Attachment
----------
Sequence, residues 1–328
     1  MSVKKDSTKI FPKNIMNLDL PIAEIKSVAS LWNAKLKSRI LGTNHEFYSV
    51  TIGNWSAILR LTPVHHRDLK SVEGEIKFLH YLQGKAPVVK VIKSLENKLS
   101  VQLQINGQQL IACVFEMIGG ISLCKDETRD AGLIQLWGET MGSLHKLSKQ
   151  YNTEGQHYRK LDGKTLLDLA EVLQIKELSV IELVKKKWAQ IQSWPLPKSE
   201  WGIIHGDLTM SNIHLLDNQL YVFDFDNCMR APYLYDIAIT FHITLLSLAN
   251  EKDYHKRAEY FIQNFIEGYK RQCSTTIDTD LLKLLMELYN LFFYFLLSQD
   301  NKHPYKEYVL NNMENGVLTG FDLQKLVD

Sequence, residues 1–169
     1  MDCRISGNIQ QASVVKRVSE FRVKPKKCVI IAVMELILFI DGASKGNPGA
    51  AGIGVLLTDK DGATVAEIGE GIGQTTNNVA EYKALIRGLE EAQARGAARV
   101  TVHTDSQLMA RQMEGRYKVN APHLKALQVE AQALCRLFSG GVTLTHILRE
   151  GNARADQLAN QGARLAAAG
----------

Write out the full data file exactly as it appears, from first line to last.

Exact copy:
Sequence, residues 1–328
     1  MSVKKDSTKI FPKNIMNLDL PIAEIKSVAS LWNAKLKSRI LGTNHEFYSV
    51  TIGNWSAILR LTPVHHRDLK SVEGEIKFLH YLQGKAPVVK VIKSLENKLS
   101  VQLQINGQQL IACVFEMIGG ISLCKDETRD AGLIQLWGET MGSLHKLSKQ
   151  YNTEGQHYRK LDGKTLLDLA EVLQIKELSV IELVKKKWAQ IQSWPLPKSE
   201  WGIIHGDLTM SNIHLLDNQL YVFDFDNCMR APYLYDIAIT FHITLLSLAN
   251  EKDYHKRAEY FIQNFIEGYK RQCSTTIDTD LLKLLMELYN LFFYFLLSQD
   301  NKHPYKEYVL NNMENGVLTG FDLQKLVD

Sequence, residues 1–169
     1  MDCRISGNIQ QASVVKRVSE FRVKPKKCVI IAVMELILFI DGASKGNPGA
    51  AGIGVLLTDK DGATVAEIGE GIGQTTNNVA EYKALIRGLE EAQARGAARV
   101  TVHTDSQLMA RQMEGRYKVN APHLKALQVE AQALCRLFSG GVTLTHILRE
   151  GNARADQLAN QGARLAAAG